A violent end

With the death toll now at eight, hundreds of wounded and more than 1300 Muslim Brotherhood supporters in jail, the end of election season is rather grim. It all looked so much more hopeful during the first round, which was carried out with minimal fraud and interference (but excessive vote buying.) Baheyya's collection of pictures more or less says it all.

The Brotherhood still got 12 more MPs elected, bringing the total to 88, and one really wonders whether all this mess was necessary to prevent them from getting closer to 100, considering that in any case it makes no difference to their power in parliament and only a little symbolic difference. The NDP has about 70% of parliament, more than enough, although nearly half of those seats come from "independents" who rejoined the NDP as soon as they were elected.

The state press, which had begun to be more even-handed in recent months, is today back to its bad old habits: unlike the independent papers, judges, election monitors and various foreign news agencies, it is claiming that Islamists were behind the violence, taking its cue from preposterous ministry of interior press releases that contain gems such as:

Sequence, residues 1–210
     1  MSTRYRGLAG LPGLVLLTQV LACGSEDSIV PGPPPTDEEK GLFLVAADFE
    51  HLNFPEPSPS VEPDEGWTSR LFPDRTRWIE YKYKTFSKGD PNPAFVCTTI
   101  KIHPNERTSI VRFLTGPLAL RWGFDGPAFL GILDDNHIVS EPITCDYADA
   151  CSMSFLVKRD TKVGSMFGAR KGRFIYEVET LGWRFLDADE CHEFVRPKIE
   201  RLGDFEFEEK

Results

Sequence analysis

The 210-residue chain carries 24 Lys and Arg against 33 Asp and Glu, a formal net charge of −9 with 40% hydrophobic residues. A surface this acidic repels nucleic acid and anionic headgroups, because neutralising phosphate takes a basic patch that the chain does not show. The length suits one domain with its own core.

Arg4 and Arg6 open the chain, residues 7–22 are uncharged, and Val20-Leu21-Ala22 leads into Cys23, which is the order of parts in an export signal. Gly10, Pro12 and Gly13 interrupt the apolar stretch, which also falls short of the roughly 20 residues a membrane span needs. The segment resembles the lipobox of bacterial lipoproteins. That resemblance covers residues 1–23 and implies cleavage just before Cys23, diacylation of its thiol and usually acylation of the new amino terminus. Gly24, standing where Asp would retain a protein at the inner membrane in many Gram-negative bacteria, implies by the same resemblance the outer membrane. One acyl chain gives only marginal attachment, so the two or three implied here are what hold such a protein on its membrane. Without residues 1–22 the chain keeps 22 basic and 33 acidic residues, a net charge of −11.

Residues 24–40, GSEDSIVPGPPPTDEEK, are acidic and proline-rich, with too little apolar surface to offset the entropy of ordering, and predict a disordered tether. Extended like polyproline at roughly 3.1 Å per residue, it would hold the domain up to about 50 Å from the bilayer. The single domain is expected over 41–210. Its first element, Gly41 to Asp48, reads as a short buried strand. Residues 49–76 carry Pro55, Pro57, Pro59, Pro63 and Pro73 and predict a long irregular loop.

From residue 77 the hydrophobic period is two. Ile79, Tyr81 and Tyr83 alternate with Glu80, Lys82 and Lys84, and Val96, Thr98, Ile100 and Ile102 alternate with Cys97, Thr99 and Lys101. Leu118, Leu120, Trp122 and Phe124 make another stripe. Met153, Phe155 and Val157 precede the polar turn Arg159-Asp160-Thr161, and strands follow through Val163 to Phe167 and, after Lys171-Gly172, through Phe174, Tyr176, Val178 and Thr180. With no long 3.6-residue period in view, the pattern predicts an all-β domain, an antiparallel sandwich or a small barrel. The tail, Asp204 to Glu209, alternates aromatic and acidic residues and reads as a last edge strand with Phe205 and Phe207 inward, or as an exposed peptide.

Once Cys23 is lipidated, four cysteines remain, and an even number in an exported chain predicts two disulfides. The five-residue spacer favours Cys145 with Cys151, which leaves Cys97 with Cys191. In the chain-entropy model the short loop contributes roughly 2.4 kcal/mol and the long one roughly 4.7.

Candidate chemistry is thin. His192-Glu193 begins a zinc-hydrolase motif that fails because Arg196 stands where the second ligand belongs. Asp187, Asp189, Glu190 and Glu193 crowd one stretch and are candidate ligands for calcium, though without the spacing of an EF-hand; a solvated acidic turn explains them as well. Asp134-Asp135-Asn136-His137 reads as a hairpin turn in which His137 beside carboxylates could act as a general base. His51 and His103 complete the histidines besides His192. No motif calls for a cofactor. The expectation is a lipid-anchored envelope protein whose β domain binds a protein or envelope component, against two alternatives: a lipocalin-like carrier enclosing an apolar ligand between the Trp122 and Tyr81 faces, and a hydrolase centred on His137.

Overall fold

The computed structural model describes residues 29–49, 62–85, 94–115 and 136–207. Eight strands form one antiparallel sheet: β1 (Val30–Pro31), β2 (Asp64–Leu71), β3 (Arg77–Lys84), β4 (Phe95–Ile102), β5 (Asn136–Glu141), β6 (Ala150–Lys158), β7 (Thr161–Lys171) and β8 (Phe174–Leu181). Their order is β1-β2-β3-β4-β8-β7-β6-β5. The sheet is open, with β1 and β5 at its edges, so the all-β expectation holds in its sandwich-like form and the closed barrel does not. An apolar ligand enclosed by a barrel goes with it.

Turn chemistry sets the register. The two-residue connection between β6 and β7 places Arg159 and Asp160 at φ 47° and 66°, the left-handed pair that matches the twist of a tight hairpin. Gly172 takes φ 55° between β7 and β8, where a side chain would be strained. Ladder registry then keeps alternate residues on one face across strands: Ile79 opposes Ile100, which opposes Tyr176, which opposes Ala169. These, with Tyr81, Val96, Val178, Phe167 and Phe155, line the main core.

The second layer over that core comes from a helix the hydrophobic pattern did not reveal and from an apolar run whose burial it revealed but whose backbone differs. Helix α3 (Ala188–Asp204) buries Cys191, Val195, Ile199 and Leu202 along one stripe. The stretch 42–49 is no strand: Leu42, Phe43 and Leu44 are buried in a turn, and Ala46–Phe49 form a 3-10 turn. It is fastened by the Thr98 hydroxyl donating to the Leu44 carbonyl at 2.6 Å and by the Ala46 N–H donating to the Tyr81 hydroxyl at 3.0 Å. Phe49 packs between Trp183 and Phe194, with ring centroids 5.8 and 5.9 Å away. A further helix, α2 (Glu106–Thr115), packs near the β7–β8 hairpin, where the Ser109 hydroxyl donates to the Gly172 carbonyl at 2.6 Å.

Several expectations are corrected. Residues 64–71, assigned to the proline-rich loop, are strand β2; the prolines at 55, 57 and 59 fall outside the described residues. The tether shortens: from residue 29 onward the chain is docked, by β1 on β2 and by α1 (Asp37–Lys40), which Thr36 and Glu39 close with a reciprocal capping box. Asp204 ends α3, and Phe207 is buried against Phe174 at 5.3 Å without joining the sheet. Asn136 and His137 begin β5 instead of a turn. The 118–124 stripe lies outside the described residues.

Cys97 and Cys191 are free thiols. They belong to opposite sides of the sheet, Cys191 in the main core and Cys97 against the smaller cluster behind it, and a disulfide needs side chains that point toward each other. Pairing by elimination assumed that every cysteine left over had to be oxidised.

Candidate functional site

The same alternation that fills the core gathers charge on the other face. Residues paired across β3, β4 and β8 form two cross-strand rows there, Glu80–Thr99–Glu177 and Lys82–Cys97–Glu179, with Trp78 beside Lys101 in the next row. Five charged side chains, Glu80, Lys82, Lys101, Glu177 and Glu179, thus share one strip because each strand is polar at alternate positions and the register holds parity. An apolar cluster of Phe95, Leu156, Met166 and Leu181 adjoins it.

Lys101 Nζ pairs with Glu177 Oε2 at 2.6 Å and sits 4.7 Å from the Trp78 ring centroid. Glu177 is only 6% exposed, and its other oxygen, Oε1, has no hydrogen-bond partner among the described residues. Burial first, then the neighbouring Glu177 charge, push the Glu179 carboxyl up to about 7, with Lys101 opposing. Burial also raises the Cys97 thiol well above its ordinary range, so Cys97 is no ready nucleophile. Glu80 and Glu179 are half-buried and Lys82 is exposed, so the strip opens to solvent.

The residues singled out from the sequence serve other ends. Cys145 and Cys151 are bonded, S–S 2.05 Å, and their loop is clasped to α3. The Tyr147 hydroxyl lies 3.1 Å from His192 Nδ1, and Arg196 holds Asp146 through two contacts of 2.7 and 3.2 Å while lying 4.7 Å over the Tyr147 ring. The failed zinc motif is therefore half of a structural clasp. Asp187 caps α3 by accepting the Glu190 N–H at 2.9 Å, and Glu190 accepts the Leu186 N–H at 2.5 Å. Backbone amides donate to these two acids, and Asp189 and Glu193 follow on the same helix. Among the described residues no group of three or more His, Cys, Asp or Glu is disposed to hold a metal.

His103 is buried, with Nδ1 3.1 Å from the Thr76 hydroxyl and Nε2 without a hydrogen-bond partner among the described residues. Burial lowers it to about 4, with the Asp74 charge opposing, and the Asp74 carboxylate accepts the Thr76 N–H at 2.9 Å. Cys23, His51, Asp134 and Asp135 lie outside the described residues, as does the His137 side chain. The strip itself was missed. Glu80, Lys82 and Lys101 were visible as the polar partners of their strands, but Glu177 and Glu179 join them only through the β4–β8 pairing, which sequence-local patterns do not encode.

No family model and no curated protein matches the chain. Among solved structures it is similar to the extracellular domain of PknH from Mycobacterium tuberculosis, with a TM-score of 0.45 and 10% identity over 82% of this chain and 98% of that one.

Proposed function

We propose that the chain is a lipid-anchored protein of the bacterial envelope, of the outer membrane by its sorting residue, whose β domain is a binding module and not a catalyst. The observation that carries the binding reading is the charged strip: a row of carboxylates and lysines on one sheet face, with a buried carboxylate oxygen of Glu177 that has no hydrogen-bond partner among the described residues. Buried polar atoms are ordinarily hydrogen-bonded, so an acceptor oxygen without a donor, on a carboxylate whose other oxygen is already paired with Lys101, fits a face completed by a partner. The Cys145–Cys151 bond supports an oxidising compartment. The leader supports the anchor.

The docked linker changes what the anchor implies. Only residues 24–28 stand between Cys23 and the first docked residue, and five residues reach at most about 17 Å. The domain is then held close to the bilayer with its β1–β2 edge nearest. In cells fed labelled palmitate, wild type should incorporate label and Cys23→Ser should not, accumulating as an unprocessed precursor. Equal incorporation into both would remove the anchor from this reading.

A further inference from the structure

The incidents of violence witnessed during the election were the product of various candidates, in particular Islamists, and the strict neutrality of the security forces, so strict that they were even accused of 'passive neutrality'. These incidents required that security forces respond sternly to restore order and secure the electoral process, a position which was repeated in numerous statements by the Ministry of Interior. These statements went unheeded by various candidates and their supporters, in particular Islamists, who insisted on abusing the unprecedented climate of freedom which the country is witnessing.
Or:

These negative aspects should not divert attention from the concrete achievements of Egypt's political reform process which cannot be ignored by any objective and fair analysis of the election. They will not stall the process of reform or thwart our commitment to deepen democracy.
The effrontery of it all.

For more reporting see:

"Egypt slips down democracy ladder" (FT)

"Islamists build on gains in violent elections" and "Egypt ruling Party Wins Clear Majority" (Reuters)

"Police attack voters during last day of Egypt elections" (WP)

"Brotherhood Wins 12 Egypt Parliament Seats" (AP)
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Issandr El Amrani

Issandr El Amrani is a Cairo-based writer and consultant. His reporting and commentary on the Middle East and North Africa has appeared in The Economist, London Review of Books, Financial Times, The National, The Guardian, Time and other publications. He also publishes one of the longest-running blog in the region, www.arabist.net.